Roanoke Electric awarded $6 million

Published 9:03 am Tuesday, October 28, 2014

AHOSKIE – Roanoke Electric Cooperative is one of the first two rural co-ops nationally to receive finds from a new program of the Rural Utilities Service.

On Friday, U.S. Secretary of   Agriculture Tom Vilsack announced that REC is the recipient of a $6 million loan that will be used to finance improvements to the energy performance of utility customers’ homes and businesses.

Around noon on Friday, First District U.S. Congressman G.K. Butterfield arrived at the REC office to present a check in the amount of $6 million.

According to Curtis Wynn, CEO of Roanoke EMC, the $6 million loan will be used to launch a voluntary program, “Upgrade to Save.” That program, Wynn said, makes investments in energy efficiency that will allow cooperative members      to save money on their bills without making an up-front payment or incurring a new consumer debt   obligation. In turn, participants will agree to pay a voluntary tariff on their bill that shares the energy efficiency savings with the utility at a level that assures both immediate savings for the program participants and full cost recovery for the utility.

“Now we can open  access to low cost capital for all cost-effective energy efficiency improvements sought by members with sound bill payment  history, regardless of income, credit score, or status as renters   or homeowners,” Wynn explained. “This is an important breakthrough for our members because when we worked       with a local credit union to offer consumer loans for  energy efficiency, we found that few of our members who most wanted energy efficiency upgrades could take on a loan.”

The  Upgrade to Save program is  based on the Pay As You Save® system (PAYS®) developed by the Energy Efficiency Institute  of Vermont. PAYS is the basis for the design of low cost, debt-free, on-bill financing programs that  have been successfully operated by Midwest Energy in Kansas and  utilities in eastern Kentucky partnering  with the Mountain Association for   Community Economic Development.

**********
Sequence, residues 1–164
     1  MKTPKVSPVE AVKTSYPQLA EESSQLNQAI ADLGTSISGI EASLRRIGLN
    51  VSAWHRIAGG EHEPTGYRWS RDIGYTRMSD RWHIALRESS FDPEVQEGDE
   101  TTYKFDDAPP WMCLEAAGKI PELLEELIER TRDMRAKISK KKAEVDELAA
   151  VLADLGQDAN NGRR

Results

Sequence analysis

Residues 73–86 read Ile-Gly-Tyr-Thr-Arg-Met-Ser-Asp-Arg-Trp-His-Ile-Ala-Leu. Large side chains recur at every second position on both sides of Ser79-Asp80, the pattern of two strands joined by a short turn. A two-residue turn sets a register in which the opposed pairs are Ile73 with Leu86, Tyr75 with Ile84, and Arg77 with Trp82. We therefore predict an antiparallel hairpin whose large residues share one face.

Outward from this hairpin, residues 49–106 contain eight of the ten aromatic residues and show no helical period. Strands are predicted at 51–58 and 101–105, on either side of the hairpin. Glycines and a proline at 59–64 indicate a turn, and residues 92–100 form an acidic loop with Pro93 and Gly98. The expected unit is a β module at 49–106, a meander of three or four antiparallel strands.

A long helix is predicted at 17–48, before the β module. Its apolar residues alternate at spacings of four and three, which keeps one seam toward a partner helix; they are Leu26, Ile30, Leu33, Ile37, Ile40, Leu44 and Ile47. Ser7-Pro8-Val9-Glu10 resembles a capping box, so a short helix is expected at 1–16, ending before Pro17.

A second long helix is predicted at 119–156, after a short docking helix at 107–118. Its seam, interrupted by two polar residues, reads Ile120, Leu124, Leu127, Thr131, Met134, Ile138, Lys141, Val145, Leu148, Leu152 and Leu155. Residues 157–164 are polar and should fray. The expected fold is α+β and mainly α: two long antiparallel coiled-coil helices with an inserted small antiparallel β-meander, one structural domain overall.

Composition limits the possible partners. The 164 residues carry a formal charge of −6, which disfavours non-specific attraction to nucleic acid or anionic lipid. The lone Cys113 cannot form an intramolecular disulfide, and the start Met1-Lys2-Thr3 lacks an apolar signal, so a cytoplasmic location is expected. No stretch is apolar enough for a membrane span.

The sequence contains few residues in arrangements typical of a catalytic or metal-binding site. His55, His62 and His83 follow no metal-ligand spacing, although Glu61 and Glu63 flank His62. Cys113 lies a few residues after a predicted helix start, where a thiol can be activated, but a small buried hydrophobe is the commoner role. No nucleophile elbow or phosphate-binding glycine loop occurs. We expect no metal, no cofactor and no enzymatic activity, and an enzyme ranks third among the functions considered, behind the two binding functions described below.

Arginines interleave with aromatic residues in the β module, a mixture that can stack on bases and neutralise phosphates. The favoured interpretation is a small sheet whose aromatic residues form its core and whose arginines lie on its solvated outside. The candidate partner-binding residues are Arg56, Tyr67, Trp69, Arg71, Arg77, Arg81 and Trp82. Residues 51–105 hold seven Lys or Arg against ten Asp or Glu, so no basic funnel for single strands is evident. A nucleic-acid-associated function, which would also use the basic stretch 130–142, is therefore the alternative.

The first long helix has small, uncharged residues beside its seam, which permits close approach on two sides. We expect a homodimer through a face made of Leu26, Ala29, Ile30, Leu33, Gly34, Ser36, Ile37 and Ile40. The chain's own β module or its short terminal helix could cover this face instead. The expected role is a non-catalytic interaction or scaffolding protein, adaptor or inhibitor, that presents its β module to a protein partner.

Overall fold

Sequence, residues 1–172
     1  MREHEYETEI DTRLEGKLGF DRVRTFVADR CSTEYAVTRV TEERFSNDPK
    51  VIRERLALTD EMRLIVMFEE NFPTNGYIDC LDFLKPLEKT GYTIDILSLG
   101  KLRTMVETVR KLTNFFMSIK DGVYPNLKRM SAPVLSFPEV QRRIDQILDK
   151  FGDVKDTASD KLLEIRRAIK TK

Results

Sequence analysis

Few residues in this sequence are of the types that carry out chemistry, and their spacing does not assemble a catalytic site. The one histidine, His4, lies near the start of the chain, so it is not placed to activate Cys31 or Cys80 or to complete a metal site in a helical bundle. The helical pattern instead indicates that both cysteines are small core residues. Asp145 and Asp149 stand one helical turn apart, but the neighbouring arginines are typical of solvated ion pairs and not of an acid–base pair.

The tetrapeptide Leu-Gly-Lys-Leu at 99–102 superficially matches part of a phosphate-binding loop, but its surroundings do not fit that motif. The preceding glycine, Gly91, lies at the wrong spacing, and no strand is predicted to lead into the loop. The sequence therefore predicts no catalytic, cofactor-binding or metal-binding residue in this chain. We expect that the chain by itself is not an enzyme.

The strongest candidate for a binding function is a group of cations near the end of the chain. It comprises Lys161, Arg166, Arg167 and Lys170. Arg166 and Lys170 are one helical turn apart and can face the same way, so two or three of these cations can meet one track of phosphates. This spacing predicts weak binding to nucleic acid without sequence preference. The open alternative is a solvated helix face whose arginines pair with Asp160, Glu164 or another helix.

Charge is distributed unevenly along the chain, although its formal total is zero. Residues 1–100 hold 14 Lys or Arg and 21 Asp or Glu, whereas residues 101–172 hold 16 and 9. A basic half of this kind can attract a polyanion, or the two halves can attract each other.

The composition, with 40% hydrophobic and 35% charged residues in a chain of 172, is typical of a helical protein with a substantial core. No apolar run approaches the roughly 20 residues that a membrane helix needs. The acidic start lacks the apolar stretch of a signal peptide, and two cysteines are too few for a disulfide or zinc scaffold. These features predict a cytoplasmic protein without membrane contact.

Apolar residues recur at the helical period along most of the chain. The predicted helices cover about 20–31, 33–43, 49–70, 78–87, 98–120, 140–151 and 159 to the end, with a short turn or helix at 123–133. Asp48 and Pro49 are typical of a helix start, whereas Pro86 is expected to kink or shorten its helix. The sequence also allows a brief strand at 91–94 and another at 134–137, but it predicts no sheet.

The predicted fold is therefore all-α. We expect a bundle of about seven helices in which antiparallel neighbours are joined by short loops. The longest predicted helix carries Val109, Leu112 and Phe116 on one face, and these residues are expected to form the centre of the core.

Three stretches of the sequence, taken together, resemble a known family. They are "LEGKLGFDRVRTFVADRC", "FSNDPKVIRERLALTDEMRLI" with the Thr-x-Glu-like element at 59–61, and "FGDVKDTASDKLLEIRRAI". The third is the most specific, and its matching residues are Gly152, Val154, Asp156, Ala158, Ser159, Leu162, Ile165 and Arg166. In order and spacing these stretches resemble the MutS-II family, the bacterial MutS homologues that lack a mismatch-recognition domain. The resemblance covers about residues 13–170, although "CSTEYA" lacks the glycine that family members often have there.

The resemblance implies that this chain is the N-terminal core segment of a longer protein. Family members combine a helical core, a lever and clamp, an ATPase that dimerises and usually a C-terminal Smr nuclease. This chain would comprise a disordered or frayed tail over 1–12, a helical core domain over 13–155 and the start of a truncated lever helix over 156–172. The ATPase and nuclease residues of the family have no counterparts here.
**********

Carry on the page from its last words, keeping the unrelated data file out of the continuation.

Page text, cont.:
Based on experience with these energy efficiency financing programs, the average investment per home is approximately $7,000 with an average annual savings of 25 percent.

“We are proud to be among the first to benefit from this new RUS program because our cooperative is committed to delivering affordable energy services, including energy efficiency,” Wynn noted. “With this financing we will be able to make investments that cut waste, reduce costs, support our local economy, and improve the quality and comfort of the homes and businesses we serve.”

The  new Energy Efficiency & Conservation Loan Program draws on the same $6 billion in unsubsidized Treasury     rate loans available each year through the RUS Electric Program. Now for the first time, non-profit utilities serving rural areas can use that financing to make capital investments on the customer’s side of the meter, such as energy efficiency improvements, distributed renewable energy systems, and smart grid solutions.

Roanoke EMC and North Arkansas Electric Cooperative are the first two utilities to receive financing under the    new program.

Roanoke EMC is an electric utility providing service to 14,000 members in Bertie, Hertford, Halifax,    Northampton, Gates, Perquimans and Chowan counties. As an electric cooperative, Roanoke EMC is committed to cooperative principles: voluntary and open membership, democratic member control, member economic participation, autonomy and independence, education, training and information, and concern for community.

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